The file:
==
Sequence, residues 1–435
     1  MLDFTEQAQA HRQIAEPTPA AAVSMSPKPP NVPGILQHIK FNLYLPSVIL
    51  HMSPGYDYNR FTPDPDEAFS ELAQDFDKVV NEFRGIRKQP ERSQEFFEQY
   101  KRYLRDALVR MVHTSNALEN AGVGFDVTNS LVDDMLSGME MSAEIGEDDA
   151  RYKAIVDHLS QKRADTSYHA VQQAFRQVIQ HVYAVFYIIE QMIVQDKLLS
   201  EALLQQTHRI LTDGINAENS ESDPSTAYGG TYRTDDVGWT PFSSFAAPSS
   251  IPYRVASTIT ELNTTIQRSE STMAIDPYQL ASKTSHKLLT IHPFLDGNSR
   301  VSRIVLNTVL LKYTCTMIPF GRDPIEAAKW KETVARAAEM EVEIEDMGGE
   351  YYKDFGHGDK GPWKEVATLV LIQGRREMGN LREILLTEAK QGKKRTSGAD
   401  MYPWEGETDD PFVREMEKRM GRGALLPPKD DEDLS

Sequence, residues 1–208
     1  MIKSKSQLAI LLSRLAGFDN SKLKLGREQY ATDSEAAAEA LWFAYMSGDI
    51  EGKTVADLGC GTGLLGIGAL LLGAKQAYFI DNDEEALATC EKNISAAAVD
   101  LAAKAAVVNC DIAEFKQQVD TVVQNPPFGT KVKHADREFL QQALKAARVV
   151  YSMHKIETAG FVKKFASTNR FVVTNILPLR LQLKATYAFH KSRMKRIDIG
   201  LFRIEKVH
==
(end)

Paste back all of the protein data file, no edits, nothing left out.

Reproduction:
Sequence, residues 1–435
     1  MLDFTEQAQA HRQIAEPTPA AAVSMSPKPP NVPGILQHIK FNLYLPSVIL
    51  HMSPGYDYNR FTPDPDEAFS ELAQDFDKVV NEFRGIRKQP ERSQEFFEQY
   101  KRYLRDALVR MVHTSNALEN AGVGFDVTNS LVDDMLSGME MSAEIGEDDA
   151  RYKAIVDHLS QKRADTSYHA VQQAFRQVIQ HVYAVFYIIE QMIVQDKLLS
   201  EALLQQTHRI LTDGINAENS ESDPSTAYGG TYRTDDVGWT PFSSFAAPSS
   251  IPYRVASTIT ELNTTIQRSE STMAIDPYQL ASKTSHKLLT IHPFLDGNSR
   301  VSRIVLNTVL LKYTCTMIPF GRDPIEAAKW KETVARAAEM EVEIEDMGGE
   351  YYKDFGHGDK GPWKEVATLV LIQGRREMGN LREILLTEAK QGKKRTSGAD
   401  MYPWEGETDD PFVREMEKRM GRGALLPPKD DEDLS

Sequence, residues 1–208
     1  MIKSKSQLAI LLSRLAGFDN SKLKLGREQY ATDSEAAAEA LWFAYMSGDI
    51  EGKTVADLGC GTGLLGIGAL LLGAKQAYFI DNDEEALATC EKNISAAAVD
   101  LAAKAAVVNC DIAEFKQQVD TVVQNPPFGT KVKHADREFL QQALKAARVV
   151  YSMHKIETAG FVKKFASTNR FVVTNILPLR LQLKATYAFH KSRMKRIDIG
   201  LFRIEKVH